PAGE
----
People "playing house" are not afforded the same rights as married. Sometimes it's good and sometimes it's not so good. If she give you substantial money for renovations it would be a nice gesture to make arrangements to repay her. "Substantial" is something only you can determine. If she co-signed loans and pledged her own property then she probably has a case but I agree that she would have to sue you in something other than family court.

Good luck! Good thing you were neutered LOL
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Old 05-22-2012, 10:43 PM
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mmcm, where are you located, the laws vary from province to province.

In Ontario a common law spouse has no entitlement to the home or to any share of it's worth.

Anyone living with you, even a friend or a cousin, would have a claim to some value of the house if they paid for significant upgrades to the house or capital repairs. (Capital repairs are repairs or replacements of major appliances, the furnace, roof, etc. that would be expected to last more than 5 years.) If she was just paying for basic maintainence, like the costs of cleaning supplies and gardening, this would not count.

She would be expected to have paid rent, or else saved on her own housing costs. For her and the child, imagine renting a floor of a house, it would be several hundred a month depending on location. So subtract this amount from anything she might claim she paid in.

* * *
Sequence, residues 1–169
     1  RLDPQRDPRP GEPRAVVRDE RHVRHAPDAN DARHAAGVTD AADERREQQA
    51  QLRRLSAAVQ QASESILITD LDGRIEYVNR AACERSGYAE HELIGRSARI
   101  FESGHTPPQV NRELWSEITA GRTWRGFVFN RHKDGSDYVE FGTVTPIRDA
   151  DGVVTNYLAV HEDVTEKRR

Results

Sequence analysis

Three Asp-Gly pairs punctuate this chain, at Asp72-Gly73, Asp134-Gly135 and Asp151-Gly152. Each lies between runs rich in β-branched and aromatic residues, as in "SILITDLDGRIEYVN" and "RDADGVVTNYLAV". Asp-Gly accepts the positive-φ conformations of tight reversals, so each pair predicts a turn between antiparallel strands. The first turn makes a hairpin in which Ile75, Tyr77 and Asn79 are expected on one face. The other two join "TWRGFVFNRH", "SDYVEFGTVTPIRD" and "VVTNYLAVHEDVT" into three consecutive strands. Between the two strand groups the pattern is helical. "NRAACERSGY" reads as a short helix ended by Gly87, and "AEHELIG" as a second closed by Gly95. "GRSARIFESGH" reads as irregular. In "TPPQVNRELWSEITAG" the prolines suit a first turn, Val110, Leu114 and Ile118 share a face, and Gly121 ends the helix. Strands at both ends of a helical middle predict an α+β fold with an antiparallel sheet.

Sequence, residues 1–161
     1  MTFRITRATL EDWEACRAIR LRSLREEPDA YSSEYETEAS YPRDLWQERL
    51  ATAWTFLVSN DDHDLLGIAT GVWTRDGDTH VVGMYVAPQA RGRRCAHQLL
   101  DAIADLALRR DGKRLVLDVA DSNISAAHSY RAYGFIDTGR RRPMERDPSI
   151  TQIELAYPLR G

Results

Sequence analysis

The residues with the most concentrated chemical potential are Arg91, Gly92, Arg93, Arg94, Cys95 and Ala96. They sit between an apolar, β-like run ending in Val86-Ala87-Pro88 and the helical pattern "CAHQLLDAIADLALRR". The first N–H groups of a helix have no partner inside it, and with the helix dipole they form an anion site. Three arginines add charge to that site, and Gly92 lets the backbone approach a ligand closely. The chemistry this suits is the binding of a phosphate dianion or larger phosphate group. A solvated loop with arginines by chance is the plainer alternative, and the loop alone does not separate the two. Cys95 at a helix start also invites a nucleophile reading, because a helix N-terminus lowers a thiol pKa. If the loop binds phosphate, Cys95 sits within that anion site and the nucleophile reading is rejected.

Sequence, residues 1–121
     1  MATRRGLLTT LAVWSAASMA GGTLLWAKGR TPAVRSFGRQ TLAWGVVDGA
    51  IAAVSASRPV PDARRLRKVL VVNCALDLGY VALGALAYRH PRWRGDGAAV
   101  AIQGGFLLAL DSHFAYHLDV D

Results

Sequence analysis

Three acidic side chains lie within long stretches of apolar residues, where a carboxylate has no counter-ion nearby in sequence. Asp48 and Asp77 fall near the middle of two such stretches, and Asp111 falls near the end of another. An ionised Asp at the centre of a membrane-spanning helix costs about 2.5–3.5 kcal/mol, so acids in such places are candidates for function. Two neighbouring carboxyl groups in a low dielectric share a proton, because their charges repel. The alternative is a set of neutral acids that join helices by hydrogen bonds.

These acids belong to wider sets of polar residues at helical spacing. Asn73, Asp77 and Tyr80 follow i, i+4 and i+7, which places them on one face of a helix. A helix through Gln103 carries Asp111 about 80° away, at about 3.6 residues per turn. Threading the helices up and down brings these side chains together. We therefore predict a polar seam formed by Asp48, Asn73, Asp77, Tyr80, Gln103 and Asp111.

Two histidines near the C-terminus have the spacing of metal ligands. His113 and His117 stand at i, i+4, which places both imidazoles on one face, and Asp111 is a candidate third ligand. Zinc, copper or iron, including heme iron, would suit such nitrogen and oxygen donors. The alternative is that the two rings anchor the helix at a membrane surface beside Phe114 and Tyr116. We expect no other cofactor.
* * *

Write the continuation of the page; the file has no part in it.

Paying for half the groceries and half the utilities would be expected, it is not a contribution to you or any kind of profit. You say she paid smaller bills and some groceries, not all of them, so she cannot claim she contributed more than her fair share, or invested in the house.

The only legal issue is one of residence, she would ordinarily have a right to continue living there or to come and go, but now that she has signed a lease, she has forfeited residential status, so you don't need a court order to have her removed. You can legally prevent her from moving back in.

If I were you I would gather all receipts you can, and make a written record of all details or estimates that you can remember. For example if you believe she bought $200 of groceries a month, write this down and total it with any other expenses she contributed, and get it all on paper. Then put it away and ignore it. Have the records if she ever tries to make a claim, but you do not owe her any money for the house and you would do best to simply not bring it up.

If she brings it up, you will have to decide for yourself, but I would not volunteer anything.